The Aire & Calder rivers, once major industrial arteries, are now an important habitat for wildlife, though much remains to be done to rehabilitate the brownfield areas. The best parts (eg the RSPB reserve at Fairburn Ings) lie on the north bank of the Aire, over the boundary into Leeds, so see that page for details.

Sport[edit]

The chief spectator sport in Wakefield is Rugby League, the main teams being Castleford Tigers, Wakefield Wildcats (formerly Wakefield Trinity) and Featherstone Rovers. This, plus the proximity of Leeds and Manchester, and TV coverage, leaves little room for local soccer support, and Wakefield is the largest district in England to be entirely lacking a league football team. The highest ranked non-league club Wakefield FC (formerly known as Emley Town FC) folded in 2015.

Buy[edit]

Wakefield has kept its shopping central, rather than way out on a ring road. The main malls and retail parks are Trinity Walk, just south of the bus station, The Ridings a little further west, and Ings Road/Westgate a little further south.

Out of town the biggest retail park is Junction 32 (off M62), adjacent to Xscape, Castleford.

Eat[edit]

  • Iris Restaurant, 12 Bull Ring, +44 1924 367683. lunch daily, dinner M-Sa. As of 2016 this is the only place in the district to make it into the Good Food Guide. Emphasis on British sourcing and style.

Beyond that, you might do better in Leeds, but reliable nearby choices include:

  • Harewood Arms, 101 Kirkgate, +44 1924 201321. Pub grub.
  • Qubana, 25 Northgate WF1 3BJ, +44 1924 299000. Tapas, Hispanic, Caribbean.
  • Italian choices include Prego Pizzaria (107 Westgate, +44 1924 377977), Bella Roma (63 Northgate, +44 1924 371059) and Capri at the Vine (82 Leeds Rd WF1 2QF, +44 1924 370999)

Wakefield district is the core of the “Rhubarb Triangle”, with an annual rhubarb fair in spring.

Drink[edit]

Wakefield used to be renowned for the Westgate Run, the pub crawl down the strip of pubs, clubs and fast food joints stretching west from the centre down past the station. It’s frankly not what it used to be, when coach parties would come from afar – like the English pub scene in general, it has dwindled thanks to supermarket off-sales, laws on drink-driving and clean air, the accessibility of Ibiza, and the economic downturn. Also, Wakefield doesn't have a university, so it lacks a student buzz. Wakefield's students are often older and doing vocational courses (eg nursing) at Huddersfield or Carnegie (Leeds Met), and have limited appetite for pubbing & clubbing.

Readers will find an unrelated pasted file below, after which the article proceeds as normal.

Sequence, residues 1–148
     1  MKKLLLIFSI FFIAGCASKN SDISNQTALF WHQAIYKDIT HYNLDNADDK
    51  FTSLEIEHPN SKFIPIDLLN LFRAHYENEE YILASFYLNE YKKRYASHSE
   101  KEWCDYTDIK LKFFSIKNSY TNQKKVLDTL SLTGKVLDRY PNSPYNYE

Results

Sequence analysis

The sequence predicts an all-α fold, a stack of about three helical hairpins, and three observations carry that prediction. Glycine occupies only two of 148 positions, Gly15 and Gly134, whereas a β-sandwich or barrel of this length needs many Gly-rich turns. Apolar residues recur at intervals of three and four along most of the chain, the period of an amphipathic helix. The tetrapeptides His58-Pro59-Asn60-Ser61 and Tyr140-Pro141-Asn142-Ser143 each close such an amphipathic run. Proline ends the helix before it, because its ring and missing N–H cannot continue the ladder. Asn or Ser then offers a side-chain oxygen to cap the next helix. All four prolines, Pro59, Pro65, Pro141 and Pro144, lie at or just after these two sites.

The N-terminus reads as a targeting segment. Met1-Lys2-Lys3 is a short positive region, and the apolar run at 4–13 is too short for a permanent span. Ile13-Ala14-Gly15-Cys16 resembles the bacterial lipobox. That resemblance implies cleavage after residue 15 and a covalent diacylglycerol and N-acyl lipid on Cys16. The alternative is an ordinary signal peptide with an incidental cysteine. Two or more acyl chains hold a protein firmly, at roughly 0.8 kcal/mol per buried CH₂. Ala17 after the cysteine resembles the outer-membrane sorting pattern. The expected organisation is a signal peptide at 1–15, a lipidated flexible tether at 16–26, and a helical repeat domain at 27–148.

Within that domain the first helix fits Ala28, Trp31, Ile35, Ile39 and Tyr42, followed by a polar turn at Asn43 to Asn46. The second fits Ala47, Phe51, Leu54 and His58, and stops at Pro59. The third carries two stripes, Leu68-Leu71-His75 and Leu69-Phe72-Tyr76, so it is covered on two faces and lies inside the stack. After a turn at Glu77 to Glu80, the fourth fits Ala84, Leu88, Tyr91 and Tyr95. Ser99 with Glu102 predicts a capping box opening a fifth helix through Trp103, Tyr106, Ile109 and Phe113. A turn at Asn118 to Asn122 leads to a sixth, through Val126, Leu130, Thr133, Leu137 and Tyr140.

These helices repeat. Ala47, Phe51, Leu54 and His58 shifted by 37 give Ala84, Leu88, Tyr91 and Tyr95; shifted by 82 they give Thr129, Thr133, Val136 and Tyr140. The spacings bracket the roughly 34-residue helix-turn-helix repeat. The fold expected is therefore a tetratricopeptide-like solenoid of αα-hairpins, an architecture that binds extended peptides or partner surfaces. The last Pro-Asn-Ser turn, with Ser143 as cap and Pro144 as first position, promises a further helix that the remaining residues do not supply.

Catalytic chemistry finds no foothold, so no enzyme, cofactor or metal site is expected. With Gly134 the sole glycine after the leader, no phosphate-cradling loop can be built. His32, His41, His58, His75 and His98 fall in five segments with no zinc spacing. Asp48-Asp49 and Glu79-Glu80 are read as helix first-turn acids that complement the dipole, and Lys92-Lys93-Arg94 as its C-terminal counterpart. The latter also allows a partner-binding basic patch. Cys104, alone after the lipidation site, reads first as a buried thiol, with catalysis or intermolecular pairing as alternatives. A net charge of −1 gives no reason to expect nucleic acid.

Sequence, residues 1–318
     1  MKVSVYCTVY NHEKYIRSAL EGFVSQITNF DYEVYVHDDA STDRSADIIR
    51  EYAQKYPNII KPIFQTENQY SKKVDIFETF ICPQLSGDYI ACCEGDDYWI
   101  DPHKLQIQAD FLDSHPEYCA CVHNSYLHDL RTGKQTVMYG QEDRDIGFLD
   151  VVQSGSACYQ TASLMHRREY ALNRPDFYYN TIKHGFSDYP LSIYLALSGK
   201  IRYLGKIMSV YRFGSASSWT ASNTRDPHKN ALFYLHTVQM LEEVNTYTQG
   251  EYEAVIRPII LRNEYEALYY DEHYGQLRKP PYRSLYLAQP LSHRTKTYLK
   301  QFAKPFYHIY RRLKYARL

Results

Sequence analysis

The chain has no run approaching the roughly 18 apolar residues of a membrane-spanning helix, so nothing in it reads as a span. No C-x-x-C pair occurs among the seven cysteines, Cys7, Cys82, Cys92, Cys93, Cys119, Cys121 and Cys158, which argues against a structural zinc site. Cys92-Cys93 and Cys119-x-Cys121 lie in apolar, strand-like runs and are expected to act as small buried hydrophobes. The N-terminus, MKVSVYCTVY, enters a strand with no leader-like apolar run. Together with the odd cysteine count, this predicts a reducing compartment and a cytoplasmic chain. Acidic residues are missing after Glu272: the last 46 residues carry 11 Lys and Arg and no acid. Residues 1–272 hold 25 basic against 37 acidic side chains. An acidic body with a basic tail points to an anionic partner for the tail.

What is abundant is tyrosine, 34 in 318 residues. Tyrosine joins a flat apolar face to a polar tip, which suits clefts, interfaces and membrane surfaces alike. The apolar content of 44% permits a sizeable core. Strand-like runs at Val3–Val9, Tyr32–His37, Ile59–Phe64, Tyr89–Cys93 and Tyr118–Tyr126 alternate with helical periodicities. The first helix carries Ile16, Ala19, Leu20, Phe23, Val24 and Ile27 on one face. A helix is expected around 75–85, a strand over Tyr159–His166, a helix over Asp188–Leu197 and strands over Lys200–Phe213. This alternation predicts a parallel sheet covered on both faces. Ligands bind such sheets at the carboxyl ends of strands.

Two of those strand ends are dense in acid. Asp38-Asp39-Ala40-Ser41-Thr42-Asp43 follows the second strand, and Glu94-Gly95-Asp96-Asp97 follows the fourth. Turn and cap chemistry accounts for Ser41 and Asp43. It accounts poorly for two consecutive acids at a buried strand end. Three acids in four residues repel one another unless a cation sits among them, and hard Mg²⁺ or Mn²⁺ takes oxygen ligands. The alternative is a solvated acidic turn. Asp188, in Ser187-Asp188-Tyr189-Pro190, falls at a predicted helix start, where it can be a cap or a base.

Notable city centre pubs include:

  • The Harewood Arms, 101 Kirkgate, WF1 1JG.
  • The Inns of Court, 22 King Street, WF1 2SR.
  • Henry Boons, 130 Westgate, WF2 9SR.
  • The Hop, 19 Bank Street, WF1 1EH.
  • Bar Mex, Albion Court, WF1 1BB.
  • Red Bar, 3 George and Crown Yard off Westgate.
  • Priory Bar, 1 Back Lane WF1 2TJ.
  • Worth going the 5 km east of town to Kings Arms, Heath Common. Outstanding pub.

HB Clarks have a brewery on Westgate.

Sleep[edit]

Wakefield city centre is short of accommodation – most are out of town to suit motorway travellers. Within walking distance are:

  • York House Hotel, 10 Drury Lane, WF1 2TE (next to the Theatre Royal on Westgate), +44 1924 372069.
  • Holiday Inn Express, Queen St, WF1 1JU, +44 1924 372111.
  • Premier Travel Inn Wakefield Central, Denby Dale Road, WF2 8DY (in Clarence Park 2 km south of centre), +44 871 527 9114.
  • Campanile, Monckton Road, WF2 7AL (3 km south of centre), +44 1924 201054.

Further out, if you’re travelling by car:

Go next[edit]

Top northern destinations include Sheffield, Manchester, Liverpool, Chester, York, Durham and Newcastle - all day-trippable at a stretch, but deserving at least a weekend each. And then it would be a shame not to continue north and see Edinburgh and Glasgow.


This city travel guide to Wakefield is a usable article. It has information on how to get there and on restaurants and hotels. An adventurous person could use this article, but please feel free to improve it by editing the page.